Consider the problem of problem ambiguity and the solution that analytics brings to the Lean Startup – “letting thousands decide what millions do”. Time to unpack that. The problem of problem ambiguity refers to the creation of a business models or products which are intended to solve fuzzy, low-defined, problems. Yes! It really does happen! One of the mentalities within the Y-Combinator hive mind is to simply produce a product and get it out there. Iterate. Dominate. Be capital efficient. Be lean. Ponies. Stickers. Double Rainbows. And so, there are any number of firms out there that are generating solutions to problems that they don’t fully understand and loads of potential customers that are aware of ambiguous problems. The behavior[…]
Month: July 2010
Much discussion and fun was had at the July 28th installment of web analytics wednesday Toronto (#WAWTO). There was a large variety of folks who turned out – from some of the best developers in the city, some of the best strategists, and some of the best analysts and measurement scientists. Name drop commences: Attendees included June Li, Maciek Adwent, Jenn Fong-Adwent, Mark Dykeman, Dave Hamel, Glinski, Alex Brasil, Mike Fiorillo, Jose Davilla, Romy Klaus (in from London!), Lida and Mike Sukmanowski, Gar, and the whole Syncapse Measurement Science team – among many others. I counted some 45 attendees at the apogee. Thank you all for making it an excellent evening. Name drop ends. There are no stated agendas at[…]
Certain technologies bring about changes in customer behaviour. I’ll state that while not every behaviour-changing technology is profitable (from the beginning or ever), aiming to change a behaviour is more likely to result in a profitable technology. It’s relatively easy for me think of such technologies. Bronze, printing press, and internet are the three that come to mind most easily. The incremental evidence of benefits is what caused them to be adopted. That adoption, for those benefits, resulted in changes in their behaviour. We generally like to believe for the long-term good, though, for every social action there is a reaction. The environment didn’t benefit from bronze wielding humans too much. Certain factions certainly didn’t benefit from the press. And,[…]
The next WAW Toronto will be on July 28. It’s being held on the second floor of Bar Wellington. It’s free to attend and You can sign up to attend here. The invite: “Developers make it possible to measure anything, statisticians and dataminers work models, IAs finesse interfaces, analysts mash and managers action. Effective Analytics takes an orchestra. Lets talk to each other and see whats possible.” Historically, WAW’s attract a strong contingent of web analysts, social analysts (many from Syncapse), IA’s, a few dev’s, recruiters, vendors, and yes, two dataminers. And it’s a great mix. Let’s keep that mix and expand it. Additional invites to business strategists, eScientists, Marketing Scientists, and specialized developers.
Jim Novo wrote: “The people that come to the party with relevant facts are the people who get to contribute to Strategy. That’s not to say that all Strategic decisions are fact-based, but these decisions begin with facts. So, if R & D and the CFO have relevant facts, they get to play. If Marketing does not have relevant facts, they don’t get to play. If Marketing s not involved in the Strategic decision making, they end up being “handed” problems rather than having a chance to solve them.” Strategy formulation, from the C-suite, ought to be informed with facts. Ideally, there’s a mix of aspiration and forethought involved in there. So resolved: Yes, analytics should play a role in[…]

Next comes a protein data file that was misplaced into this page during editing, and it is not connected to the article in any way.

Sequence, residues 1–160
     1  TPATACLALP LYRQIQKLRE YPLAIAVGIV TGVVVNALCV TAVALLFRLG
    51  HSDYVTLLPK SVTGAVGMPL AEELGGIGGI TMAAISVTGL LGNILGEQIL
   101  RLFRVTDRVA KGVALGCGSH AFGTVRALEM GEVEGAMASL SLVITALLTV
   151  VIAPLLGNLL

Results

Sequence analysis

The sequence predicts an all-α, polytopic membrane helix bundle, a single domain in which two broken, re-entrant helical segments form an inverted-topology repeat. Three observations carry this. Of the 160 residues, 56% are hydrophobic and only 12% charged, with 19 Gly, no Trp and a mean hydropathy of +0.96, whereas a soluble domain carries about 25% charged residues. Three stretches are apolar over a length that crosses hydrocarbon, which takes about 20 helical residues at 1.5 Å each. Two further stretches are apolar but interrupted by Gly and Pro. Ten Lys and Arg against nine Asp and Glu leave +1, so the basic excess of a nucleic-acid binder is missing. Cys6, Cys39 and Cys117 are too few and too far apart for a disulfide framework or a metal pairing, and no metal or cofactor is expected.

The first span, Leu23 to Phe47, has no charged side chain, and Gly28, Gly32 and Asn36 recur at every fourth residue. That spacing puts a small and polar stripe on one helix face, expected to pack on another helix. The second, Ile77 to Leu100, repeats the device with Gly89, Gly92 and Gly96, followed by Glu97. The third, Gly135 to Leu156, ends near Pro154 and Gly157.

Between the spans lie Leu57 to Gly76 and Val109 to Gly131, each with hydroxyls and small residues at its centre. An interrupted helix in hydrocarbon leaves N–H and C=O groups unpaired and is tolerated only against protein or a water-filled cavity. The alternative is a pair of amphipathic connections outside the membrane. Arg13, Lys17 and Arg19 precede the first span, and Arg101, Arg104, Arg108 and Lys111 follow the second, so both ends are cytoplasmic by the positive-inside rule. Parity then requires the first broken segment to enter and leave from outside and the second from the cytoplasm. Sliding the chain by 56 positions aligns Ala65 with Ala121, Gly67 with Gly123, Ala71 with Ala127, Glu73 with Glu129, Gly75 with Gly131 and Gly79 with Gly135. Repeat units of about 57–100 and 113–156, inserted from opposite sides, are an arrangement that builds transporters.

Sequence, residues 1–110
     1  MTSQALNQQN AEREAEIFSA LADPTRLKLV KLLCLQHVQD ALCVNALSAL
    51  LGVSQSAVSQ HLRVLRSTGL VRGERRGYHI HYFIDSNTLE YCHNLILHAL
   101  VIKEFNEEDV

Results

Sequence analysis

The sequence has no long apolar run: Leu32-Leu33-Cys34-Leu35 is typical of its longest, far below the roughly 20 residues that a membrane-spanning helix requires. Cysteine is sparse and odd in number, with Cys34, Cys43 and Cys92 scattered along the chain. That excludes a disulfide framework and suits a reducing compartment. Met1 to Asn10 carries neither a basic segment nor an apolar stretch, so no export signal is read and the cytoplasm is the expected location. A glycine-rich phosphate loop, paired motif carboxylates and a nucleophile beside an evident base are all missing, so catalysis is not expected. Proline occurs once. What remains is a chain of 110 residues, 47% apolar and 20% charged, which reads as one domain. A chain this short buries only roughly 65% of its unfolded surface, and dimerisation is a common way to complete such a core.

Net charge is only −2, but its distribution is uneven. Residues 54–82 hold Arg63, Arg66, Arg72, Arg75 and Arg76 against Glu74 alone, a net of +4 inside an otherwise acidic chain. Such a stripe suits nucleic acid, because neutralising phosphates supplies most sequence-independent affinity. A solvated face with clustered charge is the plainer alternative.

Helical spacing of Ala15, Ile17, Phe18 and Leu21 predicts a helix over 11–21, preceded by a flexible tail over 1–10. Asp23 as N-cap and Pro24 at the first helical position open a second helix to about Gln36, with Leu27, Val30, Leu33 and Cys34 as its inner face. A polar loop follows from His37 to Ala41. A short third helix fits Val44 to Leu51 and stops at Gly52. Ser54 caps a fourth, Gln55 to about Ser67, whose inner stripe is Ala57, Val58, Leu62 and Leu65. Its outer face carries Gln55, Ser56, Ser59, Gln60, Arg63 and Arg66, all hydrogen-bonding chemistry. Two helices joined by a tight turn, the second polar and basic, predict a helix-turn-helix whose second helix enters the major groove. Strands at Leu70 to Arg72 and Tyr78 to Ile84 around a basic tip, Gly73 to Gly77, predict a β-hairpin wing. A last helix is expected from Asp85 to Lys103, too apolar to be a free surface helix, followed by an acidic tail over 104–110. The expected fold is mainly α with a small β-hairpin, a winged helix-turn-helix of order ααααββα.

Verhoef and Leeflang (2009) come forward with some pretty compelling evidence about the state of marketing departments and their influence on strategy. I stopped reading JAM in 2009, so the original paper escaped my attention. The updated 2010 version in “New Theories” did capture it though. You can get the paper from either source. You can also read the following summary: There’s an issue with marketing departments themselves and their relationship with strategy at the C-suite. Its influence within an organization, on strategy, is waning as compared to R&D and the CFO. I thank Peter and Peter for writing the piece and will now shove into analytics. So, marketing has an issue. There’s good evidence to support that assertion. I’m[…]
“Here is a people of two distinct races, speaking different languages, with religions and social and municipal and educational institutions totally different; with sectional hostilities of such character as to render government for many years well-nigh impossible; with a constitution so unjust in the view of one section as to justify any resort to enforce a remedy. And yet, sir, here we sit, patiently and temperately discussing how these great evils and hostilities may justly and amicably be swept away forever. (Hear, Hear). We are endeavoring to adjust harmoniously greater difficulties than have plunged other countries into all the horrors of civil war. We are striving to do peacefully and satisfactorily what Holland and Belgium, after years of strife, were[…]